"This case clearly demonstrates the Coast Guard's commitment to work with our interagency partners to aggressively enforce all maritime anti-pollution and safety of life at sea laws. The breadth and magnitude of the investigation that underpinned the charges brought forth is a testament to the dedication of all persons who were involved in resolving this matter including the Coast Guard Investigative Service, the Environmental Protection Agency, and the U.S. Department of Justice," said Rear Admiral Mary Landry, Eighth District Coast Guard commander.
"The seas must be protected and commercial vessels must operate safely and lawfully," said Paula D. Brown, Acting Special Agent in Charge for Environmental Protection Agency's Criminal Investigation Division in Houston. "Those who use the oceans or our waters as dumping grounds for waste oil and sludge will be vigorously prosecuted."
According to the joint factual statement, from December 2006 until February 2009, senior engineering officers and crewmembers acting on behalf of Styga installed a bypass pipe known as a "magic pipe" in order to avoid the pollution control equipment on-board the ship. The senior engineers then directed junior engineers to connect the so-called "magic pipe" and deliberately discharge sludge and oily waste directly into the ocean.
Federal and international law requires that all ships comply with pollution regulations that include the proper disposal of oily water and sludge by passing the oily water through a separator aboard the vessel or burning the sludge in the ship's incinerator. Federal law also requires ships to accurately record each disposal of oily water or sludge in an oil record book, and to have the record book available for the U.S. Coast Guard when the vessel is within the waters of the United States. The Georgios M often called on ports in Corpus Christi, Texas City, Freeport, and Houston, Texas while engaging in the international oil trade.
According to court documents, the engineers knowingly failed to make the required entries into the oil record book including the fact that sludge and oily waste had been discharged directly into the ocean using the "magic pipe" and circumventing the internationally required pollution control equipment. The senior engineers also made false entries in the oil record book to conceal the fact that the pollution control equipment had not been used. The crewmembers then attempted to conceal the discharges on Feb. 19, 2009, during a Coast Guard boarding at the port in Texas City, by providing the falsified oil record book to the boarding crew.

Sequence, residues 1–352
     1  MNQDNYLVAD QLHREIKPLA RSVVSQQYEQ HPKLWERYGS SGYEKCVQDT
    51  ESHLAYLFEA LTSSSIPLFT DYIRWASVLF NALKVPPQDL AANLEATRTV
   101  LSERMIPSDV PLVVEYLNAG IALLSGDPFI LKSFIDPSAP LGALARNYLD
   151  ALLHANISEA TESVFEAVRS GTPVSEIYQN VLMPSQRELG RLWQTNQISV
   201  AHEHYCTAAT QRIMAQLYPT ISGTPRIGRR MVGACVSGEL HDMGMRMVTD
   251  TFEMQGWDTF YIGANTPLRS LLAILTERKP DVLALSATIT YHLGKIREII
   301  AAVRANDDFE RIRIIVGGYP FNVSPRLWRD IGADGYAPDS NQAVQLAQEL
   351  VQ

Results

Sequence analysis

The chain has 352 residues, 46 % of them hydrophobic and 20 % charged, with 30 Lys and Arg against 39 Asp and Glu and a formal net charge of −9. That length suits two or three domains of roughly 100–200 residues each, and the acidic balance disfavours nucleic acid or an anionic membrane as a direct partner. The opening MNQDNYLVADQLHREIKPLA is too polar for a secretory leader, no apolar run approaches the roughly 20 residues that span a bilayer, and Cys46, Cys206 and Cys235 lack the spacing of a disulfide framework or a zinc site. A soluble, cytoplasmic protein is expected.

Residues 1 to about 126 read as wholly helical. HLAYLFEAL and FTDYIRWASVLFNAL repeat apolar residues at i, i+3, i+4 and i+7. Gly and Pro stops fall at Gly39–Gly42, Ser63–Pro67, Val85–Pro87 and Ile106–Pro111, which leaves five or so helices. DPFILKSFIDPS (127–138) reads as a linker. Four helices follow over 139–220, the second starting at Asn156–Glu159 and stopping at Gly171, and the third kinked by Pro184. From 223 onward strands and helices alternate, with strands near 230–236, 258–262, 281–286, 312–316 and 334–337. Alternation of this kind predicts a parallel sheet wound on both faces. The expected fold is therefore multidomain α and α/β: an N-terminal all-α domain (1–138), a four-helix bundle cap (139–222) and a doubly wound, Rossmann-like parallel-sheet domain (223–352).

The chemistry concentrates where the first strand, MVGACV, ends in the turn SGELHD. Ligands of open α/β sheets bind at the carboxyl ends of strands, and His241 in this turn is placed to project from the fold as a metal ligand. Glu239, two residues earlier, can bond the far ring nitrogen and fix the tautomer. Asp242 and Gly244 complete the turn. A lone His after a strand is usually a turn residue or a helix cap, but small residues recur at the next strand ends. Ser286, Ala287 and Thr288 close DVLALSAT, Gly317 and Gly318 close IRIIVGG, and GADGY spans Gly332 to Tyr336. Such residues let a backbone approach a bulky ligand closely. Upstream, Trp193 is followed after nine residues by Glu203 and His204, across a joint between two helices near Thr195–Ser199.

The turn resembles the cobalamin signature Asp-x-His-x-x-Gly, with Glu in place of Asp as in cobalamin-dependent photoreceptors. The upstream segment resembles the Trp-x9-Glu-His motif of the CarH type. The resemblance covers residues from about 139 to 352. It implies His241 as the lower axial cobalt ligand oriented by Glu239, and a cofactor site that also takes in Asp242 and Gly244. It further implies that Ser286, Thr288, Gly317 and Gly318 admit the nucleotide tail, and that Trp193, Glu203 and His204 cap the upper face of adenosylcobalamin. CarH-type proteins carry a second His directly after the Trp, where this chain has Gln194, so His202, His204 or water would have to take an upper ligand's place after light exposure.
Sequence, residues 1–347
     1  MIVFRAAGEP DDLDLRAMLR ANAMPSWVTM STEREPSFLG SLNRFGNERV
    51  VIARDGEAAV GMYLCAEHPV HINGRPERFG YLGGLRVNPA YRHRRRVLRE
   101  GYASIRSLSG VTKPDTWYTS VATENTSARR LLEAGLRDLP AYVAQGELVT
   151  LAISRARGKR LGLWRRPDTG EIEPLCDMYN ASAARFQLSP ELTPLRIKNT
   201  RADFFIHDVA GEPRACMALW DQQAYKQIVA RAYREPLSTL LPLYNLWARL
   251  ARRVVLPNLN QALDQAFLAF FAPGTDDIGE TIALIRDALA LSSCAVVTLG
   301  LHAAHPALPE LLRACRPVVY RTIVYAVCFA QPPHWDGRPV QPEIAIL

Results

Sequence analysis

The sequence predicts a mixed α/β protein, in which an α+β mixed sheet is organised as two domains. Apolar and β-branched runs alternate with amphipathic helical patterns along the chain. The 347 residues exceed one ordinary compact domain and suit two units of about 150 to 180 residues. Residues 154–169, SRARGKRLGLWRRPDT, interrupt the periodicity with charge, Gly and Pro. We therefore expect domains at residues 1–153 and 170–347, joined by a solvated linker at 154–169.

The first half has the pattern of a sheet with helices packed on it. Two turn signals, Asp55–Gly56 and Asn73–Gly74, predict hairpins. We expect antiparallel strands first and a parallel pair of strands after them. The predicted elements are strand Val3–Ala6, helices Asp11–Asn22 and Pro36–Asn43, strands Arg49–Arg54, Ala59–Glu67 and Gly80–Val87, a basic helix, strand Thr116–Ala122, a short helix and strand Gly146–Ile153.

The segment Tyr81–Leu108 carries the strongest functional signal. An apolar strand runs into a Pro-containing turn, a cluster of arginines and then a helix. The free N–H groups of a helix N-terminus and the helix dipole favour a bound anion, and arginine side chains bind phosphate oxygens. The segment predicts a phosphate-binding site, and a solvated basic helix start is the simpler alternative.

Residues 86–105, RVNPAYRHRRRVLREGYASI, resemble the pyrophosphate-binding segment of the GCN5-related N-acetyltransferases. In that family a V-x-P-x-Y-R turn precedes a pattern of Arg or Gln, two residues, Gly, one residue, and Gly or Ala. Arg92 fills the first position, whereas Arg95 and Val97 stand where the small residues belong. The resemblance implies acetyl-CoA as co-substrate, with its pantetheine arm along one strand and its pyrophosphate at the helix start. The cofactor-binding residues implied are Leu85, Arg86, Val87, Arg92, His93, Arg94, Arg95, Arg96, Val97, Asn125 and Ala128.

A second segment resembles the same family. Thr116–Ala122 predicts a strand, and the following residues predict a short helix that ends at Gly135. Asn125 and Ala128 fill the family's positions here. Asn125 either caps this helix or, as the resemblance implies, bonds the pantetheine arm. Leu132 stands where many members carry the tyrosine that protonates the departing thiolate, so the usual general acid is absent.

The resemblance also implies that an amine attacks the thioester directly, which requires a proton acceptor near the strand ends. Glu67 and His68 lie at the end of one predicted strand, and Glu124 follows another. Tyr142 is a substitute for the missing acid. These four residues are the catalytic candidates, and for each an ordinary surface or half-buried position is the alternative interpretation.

The investigation was conducted by the Coast Guard Marine Safety Unit Texas City, Texas; Coast Guard Investigative Service in Houston, and the Environmental Protection Agency Criminal Investigation Division in Houston. The case is being prosecuted by the Justice Department's Environmental Crimes Section.
SOURCE U.S. Department of Justice

What about pride and recognition?
---A lack of interest by the US authorities in meeting a 'rehabilitated' environmental offender mocks the seriousness of a shipowner's undertaking.
Greek shipowner Kassian Maritime Navigation is a name well enough known in the industry, an offshoot of the AG Papadakis organisation that has been around for over half a century.
But we might well abbreviate Kassian to "K", in honour of its Kafkaesque encounters with US law enforcement.
These transactions, as documented in copious recent legal filings in a Florida court, have been all too much like the frustrations of the monoliteral hero-victim of a Kafka novel or parable - a person who feels the need to vindicate himself, who spends years beating on the door of his accuser trying to get himself properly judged - only to perish from malign neglect in the end.
As Kassian's Captain Ioannis Liokouras put it recently in a declaration to the court: "During each visit to the southeastern US, I have offered to meet with the probation office in Jacksonville on behalf of Kassian as corporate compliance manager. For reasons which I cannot explain, my offer was never accepted or even acknowledged." Kassian is a convicted environmental-criminal, following a 2007 plea bargain. But as TradeWinds reported last week, the company now finds itself in the remarkable position of trying to get the judge to police it more strictly, complaining to the court that US Department of Justice (DOJ) authorities have paid approximately no attention to its ships' subsequent compliance with emissions regulations.
Those are the same environmental crimes section (ECS) lawyers who have repeatedly claimed that their aggressive policing of shipowners' emissions - and the rich rewards they pay to whistle-blowers - are simply meant to force owners to take their environmental responsibilities seriously.
Nobody doubts that the US has caught a great many polluters over the past few years. But on recent evidence, it appears the DOJ is mostly interested in racking up convictions and can't be bothered to remember the deals it strikes with convicted polluters to encourage their betterment. It takes no pains to learn whether convicts are following up as required.
Three years ago, when Kassian's 71,000-dwt North Princess (built 1996) called at Jacksonville's St Johns River terminal with a load of Colombian coal, US Coast Guard (USCG) officials promptly boarded it and found evidence that someone on the ship had been dumping oily waste and falsifying logbooks to cover this up. A cook and a engine-room wiper working on the North Princess received $230,000 each for their part as whistle-blowers in calling the USCG's attention to pollution in a classic "magic pipe" case.
One junior officer, 28-year-old second engineer Spyridon Markou, pled guilty. So did Kassian. It paid a $1m fine and made a $300,000 contribution to a fund that promotes US environmental restoration.
But when Kassian agreed to plead guilty to the pollution charges, federal prosecutors promised it an early release from its probationary sentence if it implemented and adhered to an environmental compliance plan (ECP).